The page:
Getting familiar: how we make language choices

    Business Spotlight 10/2021
    A man and a woman sitting at a table drinking coffee
    © UnitoneVector/
    Von Professor Peter Franklin

    In my gap year (UK)Brückenjahr (freies Jahr zwischen Schulabschluss und Ausbildungs-/Studienbeginn)gap year, I sold kipper tiekurze breite, bunt gemusterte Krawattekipper ties and slim-fit shirts in the men’s department of Kaufhaus Wertheim in what was then West Berlin. During this time, I was to accommodate sb.jmdn. unterbringenaccommodated as a guest of a German family. After feeling increasingly uncomfortable using the Sie form with my host parents — and, in turn, being politely addressed by them with Sie — I committed a faux pas and simply started to address them with the familiar du form. 

    My host parents tolerantly took my naive mistake as a hintWinkhint and suggested we use the familiar form of address in a ritual completely unknown to me back then. We to link armssich unterhakenlinked arms and drank schnapps together and thereafter were on to be on familiar termshier: per Du seinfamiliar terms

    Move on 40-plus years and such a procedure to break down relational distance is almost unknown. Today, the move to du in Germany is more frequent and less complicated. When buying clothes from one of Germany’s most famous online suppliers, I am addressed with the familiar du, without so much as a “by your leavemit Verlaubby your leave”, let alonegeschweige dennlet alone a quaintkuriosquaint drinking ritual. Even some of Germany's political parties addressed potential voters in the familiar form in the recent election.

    SPD election campaign poster

    So, what has changed? Not the fundamental bases on which we choose language in to enact sth.inszenieren; hier: gestaltenenacting relations with others but our assessmentEinschätzungassessments of what is the appropriateangemessenappropriate form. These bases are, on the one hand, the perceivedempfundenperceived degree of intimacy or interpersonal closeness/distance in the relationship and, on the other hand, perceived power differentials between the interactantinteragierende Personinteractants

    The degree of intimacy can be assessed, for example, by the frequency of contact, or the length or intensity of the acquaintanceshipBekanntschaftacquaintanceship and its context. But these estimates, and their consequences for expressing intimacy (or not) in the language chosen, may differ — in particular, across cultures. And this can lead to dysfunctionality or discomfort.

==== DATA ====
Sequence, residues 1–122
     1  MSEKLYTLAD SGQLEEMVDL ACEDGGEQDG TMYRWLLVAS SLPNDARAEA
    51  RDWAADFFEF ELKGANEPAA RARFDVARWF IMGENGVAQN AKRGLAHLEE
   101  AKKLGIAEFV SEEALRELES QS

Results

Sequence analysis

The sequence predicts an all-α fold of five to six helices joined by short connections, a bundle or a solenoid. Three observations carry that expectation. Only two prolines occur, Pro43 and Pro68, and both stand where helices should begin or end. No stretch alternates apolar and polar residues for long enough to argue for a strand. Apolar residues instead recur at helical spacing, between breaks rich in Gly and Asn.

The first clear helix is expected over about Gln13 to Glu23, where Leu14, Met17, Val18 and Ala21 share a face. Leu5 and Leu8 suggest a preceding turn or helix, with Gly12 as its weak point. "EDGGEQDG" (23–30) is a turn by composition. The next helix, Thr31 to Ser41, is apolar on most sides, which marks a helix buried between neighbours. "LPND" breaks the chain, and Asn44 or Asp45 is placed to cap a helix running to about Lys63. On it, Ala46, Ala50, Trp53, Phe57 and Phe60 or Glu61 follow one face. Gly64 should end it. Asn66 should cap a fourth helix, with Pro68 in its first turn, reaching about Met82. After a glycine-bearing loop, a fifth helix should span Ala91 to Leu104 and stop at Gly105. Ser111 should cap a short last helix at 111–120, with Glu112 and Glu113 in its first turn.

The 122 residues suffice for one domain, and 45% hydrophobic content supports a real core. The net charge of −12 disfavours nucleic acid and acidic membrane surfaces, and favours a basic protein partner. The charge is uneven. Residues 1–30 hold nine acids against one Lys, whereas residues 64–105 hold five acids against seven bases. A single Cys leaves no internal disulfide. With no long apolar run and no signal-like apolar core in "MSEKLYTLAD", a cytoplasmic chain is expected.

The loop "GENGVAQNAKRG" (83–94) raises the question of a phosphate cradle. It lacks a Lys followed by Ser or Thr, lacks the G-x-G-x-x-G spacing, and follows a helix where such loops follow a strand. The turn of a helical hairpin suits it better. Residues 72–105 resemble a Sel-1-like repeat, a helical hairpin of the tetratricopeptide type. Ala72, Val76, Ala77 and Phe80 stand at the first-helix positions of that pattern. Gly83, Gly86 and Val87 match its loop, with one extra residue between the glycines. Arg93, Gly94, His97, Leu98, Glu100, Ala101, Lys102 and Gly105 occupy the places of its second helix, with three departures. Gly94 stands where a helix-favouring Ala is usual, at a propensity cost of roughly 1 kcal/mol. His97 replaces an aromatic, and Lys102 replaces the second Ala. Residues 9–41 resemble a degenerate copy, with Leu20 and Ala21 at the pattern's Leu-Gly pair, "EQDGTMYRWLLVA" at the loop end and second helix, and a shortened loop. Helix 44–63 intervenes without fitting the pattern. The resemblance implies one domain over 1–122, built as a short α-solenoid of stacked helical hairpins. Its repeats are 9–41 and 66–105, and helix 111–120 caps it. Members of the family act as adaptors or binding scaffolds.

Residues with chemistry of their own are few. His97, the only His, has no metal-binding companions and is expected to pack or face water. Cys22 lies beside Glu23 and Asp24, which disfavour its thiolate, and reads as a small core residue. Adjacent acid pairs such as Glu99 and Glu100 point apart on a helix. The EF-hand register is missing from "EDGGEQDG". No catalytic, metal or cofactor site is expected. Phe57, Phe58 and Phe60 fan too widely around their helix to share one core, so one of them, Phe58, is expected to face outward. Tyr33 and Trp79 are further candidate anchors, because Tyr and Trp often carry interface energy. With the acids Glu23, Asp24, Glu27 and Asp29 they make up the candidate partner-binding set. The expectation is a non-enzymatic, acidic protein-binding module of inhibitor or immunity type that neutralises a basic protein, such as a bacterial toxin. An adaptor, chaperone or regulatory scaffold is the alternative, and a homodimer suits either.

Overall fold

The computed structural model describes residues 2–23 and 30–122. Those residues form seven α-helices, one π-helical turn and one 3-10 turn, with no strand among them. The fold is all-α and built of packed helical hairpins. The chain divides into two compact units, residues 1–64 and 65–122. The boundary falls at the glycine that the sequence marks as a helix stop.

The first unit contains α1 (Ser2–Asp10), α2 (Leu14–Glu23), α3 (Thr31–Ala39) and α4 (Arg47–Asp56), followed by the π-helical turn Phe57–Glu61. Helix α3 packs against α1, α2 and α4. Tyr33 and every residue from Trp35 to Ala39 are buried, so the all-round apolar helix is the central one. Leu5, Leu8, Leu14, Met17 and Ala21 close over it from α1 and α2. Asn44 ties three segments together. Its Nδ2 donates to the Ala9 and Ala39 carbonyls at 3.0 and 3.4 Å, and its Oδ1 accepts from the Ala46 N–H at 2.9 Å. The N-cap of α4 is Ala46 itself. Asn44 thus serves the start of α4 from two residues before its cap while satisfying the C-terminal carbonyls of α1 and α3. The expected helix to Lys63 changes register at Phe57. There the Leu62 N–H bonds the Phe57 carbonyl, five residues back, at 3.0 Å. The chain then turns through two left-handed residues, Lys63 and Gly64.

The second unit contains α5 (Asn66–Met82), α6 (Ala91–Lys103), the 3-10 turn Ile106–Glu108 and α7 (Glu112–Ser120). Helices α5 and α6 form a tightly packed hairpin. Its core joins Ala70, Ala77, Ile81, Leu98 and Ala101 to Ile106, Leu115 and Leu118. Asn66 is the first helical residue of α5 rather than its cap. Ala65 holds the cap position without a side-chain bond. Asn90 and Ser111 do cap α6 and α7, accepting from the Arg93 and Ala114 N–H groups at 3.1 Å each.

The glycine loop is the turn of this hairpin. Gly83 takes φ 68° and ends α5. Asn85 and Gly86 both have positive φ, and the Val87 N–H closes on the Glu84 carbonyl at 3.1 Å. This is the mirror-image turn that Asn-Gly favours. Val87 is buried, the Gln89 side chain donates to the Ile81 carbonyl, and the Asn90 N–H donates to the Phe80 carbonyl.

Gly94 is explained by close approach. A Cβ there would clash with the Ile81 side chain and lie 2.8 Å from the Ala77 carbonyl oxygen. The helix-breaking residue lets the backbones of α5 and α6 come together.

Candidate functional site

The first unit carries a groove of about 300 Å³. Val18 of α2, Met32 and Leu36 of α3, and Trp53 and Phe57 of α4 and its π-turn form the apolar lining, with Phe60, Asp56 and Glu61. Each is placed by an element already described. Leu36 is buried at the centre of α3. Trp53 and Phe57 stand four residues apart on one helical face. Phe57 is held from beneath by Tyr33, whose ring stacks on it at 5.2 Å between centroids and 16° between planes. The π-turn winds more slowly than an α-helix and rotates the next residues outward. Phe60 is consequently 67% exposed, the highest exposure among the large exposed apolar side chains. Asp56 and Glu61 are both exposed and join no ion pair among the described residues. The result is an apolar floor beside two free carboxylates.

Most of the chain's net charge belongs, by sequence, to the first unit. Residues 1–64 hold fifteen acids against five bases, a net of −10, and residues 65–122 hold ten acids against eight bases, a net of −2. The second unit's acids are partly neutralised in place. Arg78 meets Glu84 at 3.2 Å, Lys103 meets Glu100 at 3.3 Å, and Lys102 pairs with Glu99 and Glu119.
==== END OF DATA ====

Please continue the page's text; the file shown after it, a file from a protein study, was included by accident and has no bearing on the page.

I think my host parentsGastelternhost parents were not as uncomfortable as I was with the ways in which we had been addressing each other prior to the drinking ritual. I was aware of the significance of the different forms of address for the expression of closeness in German. But I differed from my host parents in my assessment of this closeness. What is more, in my ignorance of German norms, I was unaware of the etiquette of changing this situation.

    Similar but perhaps less intense discomfort may be felt at the deliberatebewusstdeliberate introduction in many German organizations of the Duz-Kultur. The to espouse sth.etw. verfechtenespoused intentions here are many — and confused — but all are, in essence, related to the power and/or intimacy bases of relationships: breaking down hierarchical barriers, sharing power, giving people responsibility, improving the atmosphere at work, increasing the sense of equality, belonging and inclusion. All these have connections either to power or to closeness/distance in organizations.

    Does such corporateFirmen-corporate cultural re-engineeringNeugestaltungre-engineering really work? Some of my student internPraktikant(in)interns report to me how difficult, or at least strange, they find it to use the familiar form of address to impose sth.etw. auferlegen; hier: einführenimposed by some organizations with people they don’t know, who are sometimes much older than they are and are clearly equipped with more power and status. 

    How do you feel about being addressed with the familiar form by shops and other service providers? You have probably become used to it at IKEA, which transferred the general use of du in Swedish into German long ago. H&M and the fintechFinanztechnologiefintech company Klarna, both also Sweden-based, have since done the same. But what about my thoroughlydurch und durchthoroughly German online shirt supplier? Is it trying to tell me that we are to engage with jmdm. interagierenengaging with each other on equal terms? Or is it trying to build a more intimate relationship with me? Either way, I am not convinced. But perhaps I am old-fashioned. Or just old. Societal norms of language use change, but maybe some people don’t change as quickly.

    Familiarity and distance in Korean

    The hierarchically differentiated use of honorifics in informal and formal Korean is puzzlingverwirrendpuzzling to many outsiders who do not share such a system in their own language and culture. British expat(riate)dauerhaft im Ausland lebende Personexpats working in Korea reportedly feel to feel resentful at sth.wegen etw. verärgert seinresentful at not being permitted — culturally speaking — to use the same informal language of Banmal Korean when addressing their bosses that their bosses use with them. Here, culturally influenced values of relational equality and the reduction of interpersonal distance are important to the British, and they feel they are being disregarded by the Koreans. The result is collateral damage to the relationship. In Korea, the older of twin brothers has to be addressed differently from his brother, even if the difference in their ages is only a matter of minutes.

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